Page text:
The mains came out and I could tell straight up that they would be a different proposition to the entree.  PS ordered the Lamb backstrap, warm couscous, salsa-verde and pereronata, which looked lovely.  PS asked for the lamb to be cooked medium to medium rare with a nice colour of pink and this was exactly how it came.  The first bite of lamb was the best with a deep caramalisation of the 'end piece' and that beautiful sweet lamb flavour coming through.  The piece I tried was from the middle and was a little tough but tasted wonderful.  The salsa-verde added a little acidity to the meat which contrasted well.  I am not a big fan of couscous myself, but PS seemed to enjoy it and there was nothing left on the plate by the time he had finished.

Perfectly cooked Lamb

Being the big fan of pork, I could not pass up on the Berkshire pork belly & loin, calvados apple, cabbage, apple & onion puree with jus.  There were some spectacular elements on this plate of food, but the look was not one of them.  It didn't look bad, it just looked brown and lacked a little creativity and could easily have been rescued with a little colour, perhaps using red cabbage instead and perhaps even a spanish onion puree.  Where it lacked in visual clarity it made up with clarity of flavour.  The pork loin was ever so slightly overcooked, but it did not detract from its deliciousness, sweet with great caramalisation and with the jus adding a depth of flavour.  Great contrast from the crunch of the cabbage and cute little apple balls, it was quite spectacular.  The pork belly took it up another notch with a delicate yet crispy crackling on top, soft fatty and scrumptious pork combined well with the onion puree and apple balls.  I think this could have been the perfect dish for me if the visual appeal matched the flavour.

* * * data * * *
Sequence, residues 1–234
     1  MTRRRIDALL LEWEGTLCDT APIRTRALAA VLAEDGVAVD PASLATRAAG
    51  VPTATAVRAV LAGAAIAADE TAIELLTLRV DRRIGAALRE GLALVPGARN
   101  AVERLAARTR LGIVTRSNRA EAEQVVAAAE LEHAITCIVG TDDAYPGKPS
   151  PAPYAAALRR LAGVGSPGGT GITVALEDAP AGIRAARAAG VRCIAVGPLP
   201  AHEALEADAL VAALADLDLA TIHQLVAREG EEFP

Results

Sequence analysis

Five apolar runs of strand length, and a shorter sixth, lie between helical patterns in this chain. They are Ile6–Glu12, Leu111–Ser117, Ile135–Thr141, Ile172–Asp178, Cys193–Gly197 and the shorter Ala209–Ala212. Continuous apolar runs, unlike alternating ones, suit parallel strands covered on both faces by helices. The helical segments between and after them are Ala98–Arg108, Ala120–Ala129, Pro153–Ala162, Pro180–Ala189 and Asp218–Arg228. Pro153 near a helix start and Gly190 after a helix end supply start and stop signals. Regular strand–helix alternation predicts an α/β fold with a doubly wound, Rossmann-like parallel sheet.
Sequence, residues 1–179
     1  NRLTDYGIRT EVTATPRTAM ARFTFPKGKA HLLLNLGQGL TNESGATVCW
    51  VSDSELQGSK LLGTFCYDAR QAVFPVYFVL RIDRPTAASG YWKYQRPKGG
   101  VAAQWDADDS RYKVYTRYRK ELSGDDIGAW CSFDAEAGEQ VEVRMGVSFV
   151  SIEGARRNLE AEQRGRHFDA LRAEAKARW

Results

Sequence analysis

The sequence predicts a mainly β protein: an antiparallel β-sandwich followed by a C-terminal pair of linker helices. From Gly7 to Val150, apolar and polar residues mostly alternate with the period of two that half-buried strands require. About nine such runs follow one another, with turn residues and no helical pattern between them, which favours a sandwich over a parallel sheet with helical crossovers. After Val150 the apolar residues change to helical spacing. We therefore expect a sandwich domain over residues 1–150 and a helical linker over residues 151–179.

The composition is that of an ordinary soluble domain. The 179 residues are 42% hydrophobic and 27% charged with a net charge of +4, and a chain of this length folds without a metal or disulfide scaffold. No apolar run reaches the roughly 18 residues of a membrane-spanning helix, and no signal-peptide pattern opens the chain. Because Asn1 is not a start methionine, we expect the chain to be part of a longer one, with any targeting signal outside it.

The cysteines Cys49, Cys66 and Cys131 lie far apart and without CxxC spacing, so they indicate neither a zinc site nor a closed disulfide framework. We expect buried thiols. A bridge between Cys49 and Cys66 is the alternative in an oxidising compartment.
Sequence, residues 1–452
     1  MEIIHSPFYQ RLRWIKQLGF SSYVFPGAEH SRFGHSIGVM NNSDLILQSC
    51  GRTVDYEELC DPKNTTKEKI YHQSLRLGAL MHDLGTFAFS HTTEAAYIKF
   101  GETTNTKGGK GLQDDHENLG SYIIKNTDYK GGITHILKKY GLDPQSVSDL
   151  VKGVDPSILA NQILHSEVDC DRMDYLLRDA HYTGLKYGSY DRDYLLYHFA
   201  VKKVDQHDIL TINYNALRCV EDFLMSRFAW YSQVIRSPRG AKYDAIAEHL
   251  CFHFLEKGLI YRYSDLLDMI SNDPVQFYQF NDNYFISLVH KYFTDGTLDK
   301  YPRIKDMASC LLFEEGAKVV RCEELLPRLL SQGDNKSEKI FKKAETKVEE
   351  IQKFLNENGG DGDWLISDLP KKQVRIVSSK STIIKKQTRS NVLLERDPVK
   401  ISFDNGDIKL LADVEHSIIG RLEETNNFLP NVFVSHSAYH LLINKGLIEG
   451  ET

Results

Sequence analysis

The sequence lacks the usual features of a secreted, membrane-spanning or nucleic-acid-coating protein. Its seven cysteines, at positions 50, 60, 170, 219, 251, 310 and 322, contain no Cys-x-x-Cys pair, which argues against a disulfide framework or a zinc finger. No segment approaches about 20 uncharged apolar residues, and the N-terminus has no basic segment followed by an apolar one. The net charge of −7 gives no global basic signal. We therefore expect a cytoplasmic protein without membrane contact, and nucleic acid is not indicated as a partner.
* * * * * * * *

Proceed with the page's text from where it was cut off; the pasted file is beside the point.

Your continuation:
Pork dish - just a little short of perfection

PS opted out of dessert, I think he was watching his waistline :) but I was not deterred and chose the Deconstructed peppered strawberry Eton Mess.  It must be the fact that we are coming into summer, but Eton Mess' are everywhere at the moment, this I understand, what intrigues me is that there are so many 'deconstructed' Eton Mess' about, which kind of defeats the purpose!  There is no doubt that this dessert looked pretty on the plate, but there was something not quite right about it.  The meringue was nice, but not great, the raspberry sorbet and coulis was nice but the berry jelly was terrible.  The saving grace on this plate was the wonderful strawberry mouse, which tasted great, but there was not enough of this to pull the dish together.  I still maintain that Eton Mess is not a dessert that should go through the deconstruction process.
deconstructed Eton Mess
This is the second time I have been to Augustine's on George in the last 12 months and definitely did not live up to my memory of the first visit.  There was great potential in the menu and our selections on the day but there were elements that just did not come together in harmony. 

Augustine's is one of the longest standing fine dining restaurants in Queensland having been serving Queenslanders since 1985 and has been a favourite for wedding receptions and special occasions.  Augustine's has taken on a new executive chef this year, Guillaume Bersweiler, with experience around Australia, Luxembourg and London, so maybe this is a bedding down period for the new chef.  While Augustine's has been around for a long time, it's never really claimed the accolades of some of the other restaurants in Brisbane.  I think it has potential but needs to find a little more consistency and just a little more 'completeness' in what comes out of the kitchen

Augustine's on George on Urbanspoon

No comments:

Post a Comment

Thanks very much for your comment, I really love and appreciate feedback and your thoughts


Related Posts Plugin for WordPress, Blogger...